Don’t Worry…Think! - Prasad Deshpande
"We don't see things as they are. We see things as we are." - Anais Nin
Our world has changed...
…we are all living in difficult times and despite headlines, which are trying to convince us that the worst is over, deep down inside, we worry.
We worry that the recovery is transient.
... All around, doomsday prophets shake their collective heads sadly, imploring us not to be taken in by ‘green shoots’ that have appeared - the real big crisis is around the corner. This uncertainty makes us feel uneasy, especially when we make decisions.
In the midst of all this, have we paused and taken a ‘mental step’ backwards and thought, what do we think about the way we think and react?
This is significant because the way we think, influences the way we behave and change. In tough times, that is possibly the only thing in our control.
Understanding how we think - Whole Brain Model
Referring to the Whole Brain Thinking® model in the figure (see side panel), each quadrant signifies one of the 4 quadrants in our brain. Each quadrant is different and of equal importance. We all have our own unique preferences for thinking - the lens through which we ‘see’ the world.
Let us consider each of these quadrants as four different managers and then imagine how each might approach today’s changing business environment.
Manager A would approach the situation quite rationally and logically, while Manager B would be ready and organized, expecting a clear plan and process but with a deep desire for security. Manager C would often talk to his close network and seek to understand what other people ‘feel’ about the recession; guilty, under stress, of drawing quick conclusions based on feelings. Manager D is perhaps, the only person who still appears upbeat and willing to talk about the opportunities that are available and take more risks.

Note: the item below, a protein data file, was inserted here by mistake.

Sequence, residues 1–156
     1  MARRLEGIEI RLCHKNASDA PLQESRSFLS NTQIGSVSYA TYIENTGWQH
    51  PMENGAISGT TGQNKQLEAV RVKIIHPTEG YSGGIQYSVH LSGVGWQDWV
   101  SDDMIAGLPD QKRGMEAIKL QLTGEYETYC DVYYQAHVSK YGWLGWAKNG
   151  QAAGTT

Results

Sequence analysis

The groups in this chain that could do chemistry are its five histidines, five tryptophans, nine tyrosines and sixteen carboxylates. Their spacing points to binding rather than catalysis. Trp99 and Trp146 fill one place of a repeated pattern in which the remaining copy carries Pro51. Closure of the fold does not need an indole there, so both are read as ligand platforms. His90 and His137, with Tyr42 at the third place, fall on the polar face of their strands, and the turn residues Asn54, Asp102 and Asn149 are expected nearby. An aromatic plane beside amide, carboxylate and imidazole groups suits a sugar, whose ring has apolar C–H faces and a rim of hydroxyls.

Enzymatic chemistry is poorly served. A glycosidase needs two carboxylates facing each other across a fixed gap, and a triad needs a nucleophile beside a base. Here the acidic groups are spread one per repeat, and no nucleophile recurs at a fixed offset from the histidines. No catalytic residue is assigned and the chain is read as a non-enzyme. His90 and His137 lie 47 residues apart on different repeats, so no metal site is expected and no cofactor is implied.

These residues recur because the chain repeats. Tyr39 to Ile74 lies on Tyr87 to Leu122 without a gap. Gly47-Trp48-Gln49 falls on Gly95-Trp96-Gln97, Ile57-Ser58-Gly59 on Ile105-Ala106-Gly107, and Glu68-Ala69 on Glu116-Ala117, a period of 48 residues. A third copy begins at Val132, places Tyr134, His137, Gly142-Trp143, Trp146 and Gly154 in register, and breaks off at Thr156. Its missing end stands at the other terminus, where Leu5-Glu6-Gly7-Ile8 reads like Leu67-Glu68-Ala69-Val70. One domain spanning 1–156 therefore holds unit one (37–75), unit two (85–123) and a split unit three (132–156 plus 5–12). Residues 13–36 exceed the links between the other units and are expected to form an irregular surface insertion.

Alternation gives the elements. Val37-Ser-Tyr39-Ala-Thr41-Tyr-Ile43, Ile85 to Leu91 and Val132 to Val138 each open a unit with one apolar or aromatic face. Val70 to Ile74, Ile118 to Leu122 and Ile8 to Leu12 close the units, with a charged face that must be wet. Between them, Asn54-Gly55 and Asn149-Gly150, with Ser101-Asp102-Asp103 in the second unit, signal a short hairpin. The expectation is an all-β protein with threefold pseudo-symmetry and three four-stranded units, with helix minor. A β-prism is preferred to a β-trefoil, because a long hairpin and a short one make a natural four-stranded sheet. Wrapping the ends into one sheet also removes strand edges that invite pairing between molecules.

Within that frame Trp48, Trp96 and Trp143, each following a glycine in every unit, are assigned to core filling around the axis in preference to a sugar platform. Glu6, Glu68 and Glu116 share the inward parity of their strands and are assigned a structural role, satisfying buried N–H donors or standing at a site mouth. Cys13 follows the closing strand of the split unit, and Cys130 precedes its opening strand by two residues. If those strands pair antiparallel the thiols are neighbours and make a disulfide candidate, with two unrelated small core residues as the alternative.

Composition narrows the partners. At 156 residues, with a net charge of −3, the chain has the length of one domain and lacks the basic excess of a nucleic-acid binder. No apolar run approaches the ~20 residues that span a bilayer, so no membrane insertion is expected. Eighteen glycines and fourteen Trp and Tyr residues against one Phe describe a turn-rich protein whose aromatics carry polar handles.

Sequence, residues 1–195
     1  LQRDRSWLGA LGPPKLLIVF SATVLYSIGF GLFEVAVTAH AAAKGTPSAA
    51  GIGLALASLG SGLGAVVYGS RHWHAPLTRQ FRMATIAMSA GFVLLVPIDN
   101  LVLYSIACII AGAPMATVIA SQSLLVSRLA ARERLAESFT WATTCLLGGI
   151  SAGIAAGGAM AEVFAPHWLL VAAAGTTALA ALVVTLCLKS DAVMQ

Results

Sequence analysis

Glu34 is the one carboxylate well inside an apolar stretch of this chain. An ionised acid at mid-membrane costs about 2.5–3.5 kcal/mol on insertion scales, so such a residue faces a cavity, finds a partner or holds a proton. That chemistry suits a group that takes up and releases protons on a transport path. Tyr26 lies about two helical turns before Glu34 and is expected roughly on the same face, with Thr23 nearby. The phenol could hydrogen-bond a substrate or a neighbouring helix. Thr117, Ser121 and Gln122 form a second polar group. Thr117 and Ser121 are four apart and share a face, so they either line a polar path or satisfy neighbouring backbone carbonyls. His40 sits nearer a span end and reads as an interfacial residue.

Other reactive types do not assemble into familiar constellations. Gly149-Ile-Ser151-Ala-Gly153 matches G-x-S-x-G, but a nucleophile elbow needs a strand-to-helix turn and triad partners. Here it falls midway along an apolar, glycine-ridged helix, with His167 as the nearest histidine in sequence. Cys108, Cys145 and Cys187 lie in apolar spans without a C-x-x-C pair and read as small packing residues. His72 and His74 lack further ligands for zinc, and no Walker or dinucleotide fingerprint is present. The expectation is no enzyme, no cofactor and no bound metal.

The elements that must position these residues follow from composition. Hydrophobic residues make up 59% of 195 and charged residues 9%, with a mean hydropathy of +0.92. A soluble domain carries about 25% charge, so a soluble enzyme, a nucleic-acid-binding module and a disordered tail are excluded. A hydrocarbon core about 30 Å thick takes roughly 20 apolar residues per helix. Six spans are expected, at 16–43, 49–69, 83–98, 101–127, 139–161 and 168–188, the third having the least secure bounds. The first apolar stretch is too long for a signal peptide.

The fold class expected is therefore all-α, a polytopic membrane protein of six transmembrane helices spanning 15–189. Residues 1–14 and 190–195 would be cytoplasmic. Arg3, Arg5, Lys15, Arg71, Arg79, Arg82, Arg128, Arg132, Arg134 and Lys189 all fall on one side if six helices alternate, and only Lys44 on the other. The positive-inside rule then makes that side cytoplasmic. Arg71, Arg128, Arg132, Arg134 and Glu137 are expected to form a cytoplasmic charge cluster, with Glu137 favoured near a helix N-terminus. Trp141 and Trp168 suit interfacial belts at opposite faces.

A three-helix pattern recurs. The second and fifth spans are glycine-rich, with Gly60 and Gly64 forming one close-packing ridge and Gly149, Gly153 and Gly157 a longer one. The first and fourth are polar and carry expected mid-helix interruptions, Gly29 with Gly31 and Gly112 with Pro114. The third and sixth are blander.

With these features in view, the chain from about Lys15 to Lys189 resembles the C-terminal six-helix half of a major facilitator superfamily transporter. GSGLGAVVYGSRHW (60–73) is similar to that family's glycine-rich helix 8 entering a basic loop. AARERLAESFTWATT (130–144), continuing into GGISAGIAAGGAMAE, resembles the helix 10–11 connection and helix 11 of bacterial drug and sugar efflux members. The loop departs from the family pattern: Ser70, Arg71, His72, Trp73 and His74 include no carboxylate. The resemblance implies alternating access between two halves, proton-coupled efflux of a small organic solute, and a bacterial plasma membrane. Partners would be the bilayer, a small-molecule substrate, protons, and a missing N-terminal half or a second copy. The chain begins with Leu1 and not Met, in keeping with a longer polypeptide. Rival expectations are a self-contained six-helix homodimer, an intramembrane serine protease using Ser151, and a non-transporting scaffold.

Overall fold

You will probably confront all four of these mindsets at any given time, in yourself, in your team and in the people close to you.
Fortunately, research by Herrmann International, which developed this model, has shown that 93% of the population around the world prefers 2 or more of these mindsets and we all have access to all the four quadrants. Thus, we are in fact “hard wired to be whole”, with each of us having some degree of the four characters above available to us.
You can measure your thinking preference through Herrmann Brain Dominance Instrument (HBDI)*. You can even map your team using the HBDI and get insights to how you and your team think normally as well as under pressure.
Don’t Worry, Think Growth…
By accepting that the way you think need not be the only way to think. There are four different ways of thinking that you can access to become ‘whole brained’ in your approach.
By being flexible enough to explore all four quadrants of thinking and therefore not be trapped into ways of thinking and doing that come most naturally.
By taking the help of others who think differently than you, who are different than you, to help you change your mindset, when required.
We can’t change the environment or control what is happening but we can certainly change our response to the environment.
It would be wise to pay heed to what Epictetus, a Greek Stoic philosopher, observed centuries ago: ‘Men are disturbed not by things, but by the principles and notions which they form concerning things’.
To know about your brain dominance through the HBDI (Herrmann Brain Dominance Instrument), please write to us at firstname.lastname@example.org.